The storage vendor likely has its own recommendation for the size of a provisioned LUN, so it’s best to check with them. However, if the vendor’s stated optimum LUN capacity is backed with a single disk that has no storage array write cache, the configuration could result in low performance in a virtual environment. In this case, a better solution might be a smaller LUN striped within the storage array across many physical disks, with some write cache in the array. The RAID protection level also factors into the I/O throughput performance. Remember, there is no single correct answer to the question of how large your LUNs should be for a VMFS volume.

From the same document:

Isolation or Consolidation? The decision to “isolate or consolidate” storage resources for virtual environments is a topic of some debate. The basic answer comes down to the nature of the I/O access patterns of that VM. If you have a really heavy I/O-generating application, then it might be worth the potentially inefficient use of resources to allocate a single LUN to a single VM. This can be accomplished using either an RDM or a VMFS volume that is dedicated to a single VM. Both these types of volumes perform similarly (within 5 percent of each other) with varying read and write sizes and I/O access patterns. Figure 2 illustrates the differences between isolation and consolidation.

Here is the diagram they are referring to:


And more information from the document:

Best practice: Mix consolidation with some isolation! In general, it’s wise to separate heavy I/O workloads out of the shared pool of storage to optimize the performance of those high transactional throughput applications—an approach best characterized as “consolidation with some level of isolation.”

Because workloads will vary, when looking at the number of VMs per LUN there is no exact rule to determine the limits of performance and scalability. These limits also depend on the number of ESX servers sharing concurrent access to a given VMFS volume. The key is to recognize the upper limit of 255 LUNs and understand that this number can limit the consolidation ratio if you take the concept of “1 LUN per VM” too far.

Many different applications can easily and effectively share a clustered pool of storage. And what little might be lost to increased contention can clearly be worth the increase in disk utilization and improvements in management efficiency.

And more:

Why Use RDMs? Even with all the advantages of VMFS, there are still some cases where it makes more sense to use RDM storage access. Two scenarios that call for raw disk mapping are:

  • Migrating an existing application from a physical environment to virtualization
  • Using Microsoft Cluster Services (MSCS) for clustering in a virtual environment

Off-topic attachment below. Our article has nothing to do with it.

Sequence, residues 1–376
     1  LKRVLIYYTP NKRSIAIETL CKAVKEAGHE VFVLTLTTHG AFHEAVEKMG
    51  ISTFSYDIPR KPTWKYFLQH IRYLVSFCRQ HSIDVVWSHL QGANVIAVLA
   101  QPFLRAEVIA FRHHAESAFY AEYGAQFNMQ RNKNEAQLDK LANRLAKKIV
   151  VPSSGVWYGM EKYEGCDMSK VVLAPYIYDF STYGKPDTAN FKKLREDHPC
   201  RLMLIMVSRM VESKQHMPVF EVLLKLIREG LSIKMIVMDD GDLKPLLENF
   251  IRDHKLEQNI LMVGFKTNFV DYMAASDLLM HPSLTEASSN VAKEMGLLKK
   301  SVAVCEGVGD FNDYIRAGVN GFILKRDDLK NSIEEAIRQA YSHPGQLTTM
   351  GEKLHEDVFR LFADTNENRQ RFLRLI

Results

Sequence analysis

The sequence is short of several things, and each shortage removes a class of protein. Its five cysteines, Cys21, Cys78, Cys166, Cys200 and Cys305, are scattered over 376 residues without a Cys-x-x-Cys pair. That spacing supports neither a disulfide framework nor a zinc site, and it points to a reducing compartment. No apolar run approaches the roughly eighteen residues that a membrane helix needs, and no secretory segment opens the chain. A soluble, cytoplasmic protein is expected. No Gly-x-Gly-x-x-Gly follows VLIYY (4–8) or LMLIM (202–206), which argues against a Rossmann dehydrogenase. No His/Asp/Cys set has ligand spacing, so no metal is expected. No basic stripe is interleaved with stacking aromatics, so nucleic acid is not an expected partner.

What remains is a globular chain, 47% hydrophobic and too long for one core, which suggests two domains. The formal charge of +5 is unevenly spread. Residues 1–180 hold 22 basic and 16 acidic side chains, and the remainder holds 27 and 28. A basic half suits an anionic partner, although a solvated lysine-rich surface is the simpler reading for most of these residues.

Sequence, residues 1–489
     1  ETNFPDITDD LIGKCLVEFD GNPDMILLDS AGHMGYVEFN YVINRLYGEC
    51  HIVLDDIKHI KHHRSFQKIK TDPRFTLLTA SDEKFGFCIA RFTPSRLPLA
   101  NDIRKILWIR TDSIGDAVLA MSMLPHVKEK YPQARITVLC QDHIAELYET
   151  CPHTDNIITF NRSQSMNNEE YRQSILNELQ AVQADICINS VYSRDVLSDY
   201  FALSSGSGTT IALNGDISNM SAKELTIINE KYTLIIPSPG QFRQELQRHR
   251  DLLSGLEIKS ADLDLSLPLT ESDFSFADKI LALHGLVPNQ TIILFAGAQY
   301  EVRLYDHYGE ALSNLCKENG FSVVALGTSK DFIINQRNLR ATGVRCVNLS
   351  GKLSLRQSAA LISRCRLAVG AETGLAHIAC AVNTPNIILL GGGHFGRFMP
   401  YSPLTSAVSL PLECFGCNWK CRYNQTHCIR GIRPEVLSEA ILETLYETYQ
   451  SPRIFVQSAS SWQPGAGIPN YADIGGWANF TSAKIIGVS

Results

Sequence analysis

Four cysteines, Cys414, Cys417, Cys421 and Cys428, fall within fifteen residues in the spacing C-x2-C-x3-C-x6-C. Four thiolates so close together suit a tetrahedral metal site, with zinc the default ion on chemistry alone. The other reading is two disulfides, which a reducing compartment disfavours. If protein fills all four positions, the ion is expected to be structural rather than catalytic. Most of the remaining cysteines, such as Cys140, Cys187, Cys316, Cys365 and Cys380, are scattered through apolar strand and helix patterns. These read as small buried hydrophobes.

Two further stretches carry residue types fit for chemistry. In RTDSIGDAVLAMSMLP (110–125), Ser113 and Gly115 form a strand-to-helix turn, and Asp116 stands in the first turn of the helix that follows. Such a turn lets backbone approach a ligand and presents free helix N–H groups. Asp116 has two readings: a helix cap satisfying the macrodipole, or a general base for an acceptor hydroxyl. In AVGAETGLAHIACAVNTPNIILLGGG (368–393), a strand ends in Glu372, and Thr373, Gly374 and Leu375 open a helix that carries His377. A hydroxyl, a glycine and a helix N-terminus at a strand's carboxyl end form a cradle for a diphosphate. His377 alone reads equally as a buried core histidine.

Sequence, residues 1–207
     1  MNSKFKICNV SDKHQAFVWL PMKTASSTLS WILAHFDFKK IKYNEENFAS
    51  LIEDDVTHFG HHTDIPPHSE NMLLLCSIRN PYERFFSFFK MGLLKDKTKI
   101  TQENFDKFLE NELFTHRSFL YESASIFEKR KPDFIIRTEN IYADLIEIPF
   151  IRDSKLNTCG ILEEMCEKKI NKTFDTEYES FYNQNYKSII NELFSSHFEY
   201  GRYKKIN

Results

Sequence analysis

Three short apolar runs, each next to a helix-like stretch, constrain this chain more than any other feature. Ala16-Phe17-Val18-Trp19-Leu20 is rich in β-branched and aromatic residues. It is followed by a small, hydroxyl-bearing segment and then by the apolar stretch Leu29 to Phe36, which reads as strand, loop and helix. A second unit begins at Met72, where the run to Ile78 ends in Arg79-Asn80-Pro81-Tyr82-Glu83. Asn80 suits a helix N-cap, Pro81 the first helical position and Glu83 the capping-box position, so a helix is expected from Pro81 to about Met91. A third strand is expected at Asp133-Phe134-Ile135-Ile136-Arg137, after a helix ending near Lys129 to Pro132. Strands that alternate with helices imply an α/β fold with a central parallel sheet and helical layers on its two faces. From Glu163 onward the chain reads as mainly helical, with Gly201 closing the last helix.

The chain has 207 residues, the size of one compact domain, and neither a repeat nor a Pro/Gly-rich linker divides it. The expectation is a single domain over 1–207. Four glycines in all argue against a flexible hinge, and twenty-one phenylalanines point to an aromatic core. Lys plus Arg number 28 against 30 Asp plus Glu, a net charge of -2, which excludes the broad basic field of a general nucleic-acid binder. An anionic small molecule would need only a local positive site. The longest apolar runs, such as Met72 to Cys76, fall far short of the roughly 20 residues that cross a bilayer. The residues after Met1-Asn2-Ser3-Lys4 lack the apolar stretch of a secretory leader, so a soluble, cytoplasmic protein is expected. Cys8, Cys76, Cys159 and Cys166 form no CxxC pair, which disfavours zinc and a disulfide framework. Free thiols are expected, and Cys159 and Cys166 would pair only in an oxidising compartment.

Here are some more reasons to use RDMs:

  • If you install a SAN Management Software inside a VM
  • Certain backup software requires to use RDMs (more information can be found in my previous post)

Duncan Epping also has a formula for this, from “VMFS/LUN size?”:

Most companies can use a simple formula in my opinion. First you should answer these questions:

  • What’s the maximum amount of VMs you’ve set for a VMFS volume?
  • What’s the average size of a VM in your environment? (First remove the really large VM’s that typically get an RDM.)

If you don’t know what the maximum amount of VMs should be just use a safe number, anywhere between 10 and 15. Here’s the formula I always use:

round((maxVMs * avgSize) + 20% )

I usually use increments of 25GB. This is where the round comes in to play. If you end up with 380GB round it up to 400GB and if you end up with 321GB round it up to 325GB. Let’s assume your average VM size is 30GB and your max amount of VMs per VMFS volume is 10:

(10*30) + 60 =360
360 rounded up -> 375GB >

As mentioned some array vendors provide recommendations as well, from “Sizing LUNs – A Citrix Perspective”:

Most people seem to agree that 10-25 VMDKs per LUN is the “sweet spot” or “magic number” and that typically results in LUN sizes anywhere from 300-700 GB. Before you freak out, please keep in mind those are just AVERAGES and 500 GB LUNs with 16 VMs per LUN certainly won’t work in every situation.

From “Scalable Storage Performance”:

A maximum number of outstanding I/O commands to the shared LUN (or VMFS volume) that depends on the storage array. This number must be determined for a particular storage array configuration supporting multiple ESX hosts. If the storage array has a per‐LUN queue depth, exceeding this value causes high latencies. If the storage array does not have a per‐LUN queue depth, the bottleneck is shiftedto the disks, and latencies increase. In either case, it is important to ensure that there are enough disks tosupport the influx of commands. It is hard to recommend an upper threshold for latency because it depends on individual applications. However, a 50 millisecond latency is high enough for most applications, and you should add more physical resources if you reach that point.

Table 2 illustrates how to compute the maximum number of virtual machines per LUN. The numbers in the n column represent the maximum outstanding number of I/O commands recommended for a LUN on a particular storage array. This is an array‐specific parameter that has to be determined in consultation with the storage vendor. The numbers in the a column represent the average number of active I/O commands per virtual machine sharing the same LUN.

Here is the table from that document:


There is a pretty good example from this PDF:

Tiering Example:

Tier Disk_Type Disk_RPM Raid_Level #_of_Disks #_of_VMs_per_Datastore 1
FC 15K 10 8 10 2
SAS 10K 5 6 15 3
SATA 7.2K 6 6 6 15

Based on the logical design, select and incorporate an appropriate storage network into the physical design: iSCSI, NFS, FC, FCoE